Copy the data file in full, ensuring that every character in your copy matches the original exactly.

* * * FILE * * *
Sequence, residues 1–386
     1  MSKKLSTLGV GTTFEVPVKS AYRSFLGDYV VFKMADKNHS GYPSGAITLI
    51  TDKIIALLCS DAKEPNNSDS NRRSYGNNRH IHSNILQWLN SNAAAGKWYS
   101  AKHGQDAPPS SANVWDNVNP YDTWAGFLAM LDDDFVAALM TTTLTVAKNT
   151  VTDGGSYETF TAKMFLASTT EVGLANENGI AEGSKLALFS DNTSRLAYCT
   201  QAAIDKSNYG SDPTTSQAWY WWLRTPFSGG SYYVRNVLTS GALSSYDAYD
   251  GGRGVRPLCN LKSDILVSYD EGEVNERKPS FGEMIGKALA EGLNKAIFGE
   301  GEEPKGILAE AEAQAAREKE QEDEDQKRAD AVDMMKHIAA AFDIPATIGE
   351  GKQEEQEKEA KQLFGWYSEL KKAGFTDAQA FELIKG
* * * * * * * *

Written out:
Sequence, residues 1–386
     1  MSKKLSTLGV GTTFEVPVKS AYRSFLGDYV VFKMADKNHS GYPSGAITLI
    51  TDKIIALLCS DAKEPNNSDS NRRSYGNNRH IHSNILQWLN SNAAAGKWYS
   101  AKHGQDAPPS SANVWDNVNP YDTWAGFLAM LDDDFVAALM TTTLTVAKNT
   151  VTDGGSYETF TAKMFLASTT EVGLANENGI AEGSKLALFS DNTSRLAYCT
   201  QAAIDKSNYG SDPTTSQAWY WWLRTPFSGG SYYVRNVLTS GALSSYDAYD
   251  GGRGVRPLCN LKSDILVSYD EGEVNERKPS FGEMIGKALA EGLNKAIFGE
   301  GEEPKGILAE AEAQAAREKE QEDEDQKRAD AVDMMKHIAA AFDIPATIGE
   351  GKQEEQEKEA KQLFGWYSEL KKAGFTDAQA FELIKG